The icmake scripting language



icmscript - The C-like icmake scripting language


Icmake(1) is a generic tool handling program maintenance that can be used as an alternative for make(1). It's a generic tool in that icmake-scripts, written in a language closely resembling the C programming language, can perform tasks that are traditionally the domain of scripting languages.

Icmake allows programmers to use a programming language (closely resembling the C-programming language) to define the actions that are required for (complex) program maintenance. For this, icmake offers various special operators as well as a set of support functions that have shown their usefulness in program maintenance.

This man-page covers the icmake scripting language in de following sections:


Icmake supports the following five data and value types:

Variables can be defined at the global level inside functions (not only at the top of compound statements but also between statements and in the initialization section of for- and if-statements). When defined inside functions, the standard C scoping and visibility rules apply. Variables are strongly typed, and cannot have type void.

Variables may be initialized when they are defined. Initializations are expressions which may use predefined or user-defined functions, constant values, and values of variables. Functions or variables that are used for initialization must be visible at the initialization point.


Icmake scripts require a user-defined function main. The function main has three optional parameters, which may be omitted from the last one (envp) to the first one (argc), like in C. Its full prototype is:

    void main(int argc, list argv, list envp)

    int main(int argc, list argv, list envp)
When a void main function ends (using a return; statement or when its execution reaches its body's closing curly) the value 0 is returned to the operating system. When int main functions end using return statements then those statements must be provided with int-expressions. It's OK when the execution of an int main function reaches its body's closing curly, om which case 0 is automatically returned to the operating system

In main the parameter

Example (the implementations of the user-defined functions usage, modified, and compile are left as an exercise for the reader):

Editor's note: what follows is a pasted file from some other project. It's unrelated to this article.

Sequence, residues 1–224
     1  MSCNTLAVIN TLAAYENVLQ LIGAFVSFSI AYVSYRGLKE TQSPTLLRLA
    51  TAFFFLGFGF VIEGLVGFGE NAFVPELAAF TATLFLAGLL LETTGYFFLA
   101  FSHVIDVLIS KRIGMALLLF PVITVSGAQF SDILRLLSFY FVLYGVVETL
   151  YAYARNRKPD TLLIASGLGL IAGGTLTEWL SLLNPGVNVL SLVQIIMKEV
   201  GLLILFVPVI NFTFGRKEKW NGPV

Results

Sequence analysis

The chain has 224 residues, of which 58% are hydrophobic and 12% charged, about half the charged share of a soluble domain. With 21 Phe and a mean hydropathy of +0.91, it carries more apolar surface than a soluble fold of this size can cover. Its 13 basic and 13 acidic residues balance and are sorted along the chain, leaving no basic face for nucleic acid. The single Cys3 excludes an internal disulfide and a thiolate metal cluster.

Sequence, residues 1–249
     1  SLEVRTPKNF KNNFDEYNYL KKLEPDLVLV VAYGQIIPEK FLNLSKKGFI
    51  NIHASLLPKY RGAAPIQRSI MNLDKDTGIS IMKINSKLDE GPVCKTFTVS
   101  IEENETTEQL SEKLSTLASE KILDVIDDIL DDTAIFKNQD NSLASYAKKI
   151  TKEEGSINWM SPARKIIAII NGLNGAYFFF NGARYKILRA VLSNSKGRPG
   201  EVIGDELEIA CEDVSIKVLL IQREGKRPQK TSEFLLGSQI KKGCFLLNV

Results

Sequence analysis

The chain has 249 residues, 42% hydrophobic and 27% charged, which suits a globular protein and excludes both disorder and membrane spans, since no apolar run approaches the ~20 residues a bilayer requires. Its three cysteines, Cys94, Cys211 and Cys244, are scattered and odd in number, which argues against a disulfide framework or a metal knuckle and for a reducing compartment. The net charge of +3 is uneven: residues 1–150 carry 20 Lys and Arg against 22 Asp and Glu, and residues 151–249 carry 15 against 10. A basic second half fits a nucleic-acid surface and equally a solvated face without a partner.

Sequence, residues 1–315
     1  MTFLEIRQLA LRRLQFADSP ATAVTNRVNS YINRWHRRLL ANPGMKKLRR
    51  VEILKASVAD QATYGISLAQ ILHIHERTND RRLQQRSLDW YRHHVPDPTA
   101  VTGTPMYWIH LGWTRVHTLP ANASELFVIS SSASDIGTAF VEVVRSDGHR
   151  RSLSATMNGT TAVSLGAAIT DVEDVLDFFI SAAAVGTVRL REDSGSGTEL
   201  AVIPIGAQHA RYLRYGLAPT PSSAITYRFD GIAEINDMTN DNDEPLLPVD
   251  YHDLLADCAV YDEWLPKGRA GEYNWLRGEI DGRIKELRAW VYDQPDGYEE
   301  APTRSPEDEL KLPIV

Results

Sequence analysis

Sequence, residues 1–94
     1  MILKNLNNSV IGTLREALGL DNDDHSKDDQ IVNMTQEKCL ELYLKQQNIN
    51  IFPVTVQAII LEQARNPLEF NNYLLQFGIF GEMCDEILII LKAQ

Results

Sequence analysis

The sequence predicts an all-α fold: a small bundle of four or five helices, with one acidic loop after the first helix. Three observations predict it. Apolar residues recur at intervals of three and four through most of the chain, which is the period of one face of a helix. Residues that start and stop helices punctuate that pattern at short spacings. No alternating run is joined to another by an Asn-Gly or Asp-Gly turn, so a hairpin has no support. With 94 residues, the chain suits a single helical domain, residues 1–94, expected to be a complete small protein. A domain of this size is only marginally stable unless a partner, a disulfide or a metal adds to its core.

void main(int argc, list argv)
        if (argc == 1)

        if (list toCompile = modified("*.cc"))
            for (int idx = listlen(toCompile); idx--; )
When executing an icmake script icmake's run-time support system first initializes all all global variables in the order of their definitions. Followin this the function main is called. The script ens once once main returns or when the (predefined) function exit is called by the script).


Before actually compiling icmake scripts they are first pre-processed by the icmake pre-processor. The pre-processor removes comment, includes files specified by include-directives, and processes #define and comparable directives.

The following preprocessor directives are recognized:


The following predefined int constants are available (the functions listed in the intended for column are described in the upcoming sections covering the predefined functions):

symbol value intended for

O_ALL 8 makelist
O_DIR 2 makelist
O_FILE 1 makelist
O_SUBDIR 4 makelist

OFF 0 echo
ON 1 echo

P_CHECK 0 system calls
P_NOCHECK 1 system calls

S_IEXEC 32 stat
S_IFCHR 1 stat
S_IFDIR 2 stat
S_IFREG 4 stat
S_IREAD 8 stat
S_IWRITE 16 stat

The following constants are architecture dependent:

symbol 1 when defined on the platform, otherwise 0

unix Unix, usually with GNU's gcc compiler
UNIX may alternatively be available
linux x86 running Linux (usually with gcc)
LINUX may alternatively be available
M_SYSV, M_UNIX x86 running SCO/Unix
_POSIX _SOURCE Unix with Posix compliant compiler
__hpux HP-UX, with the native HP compiler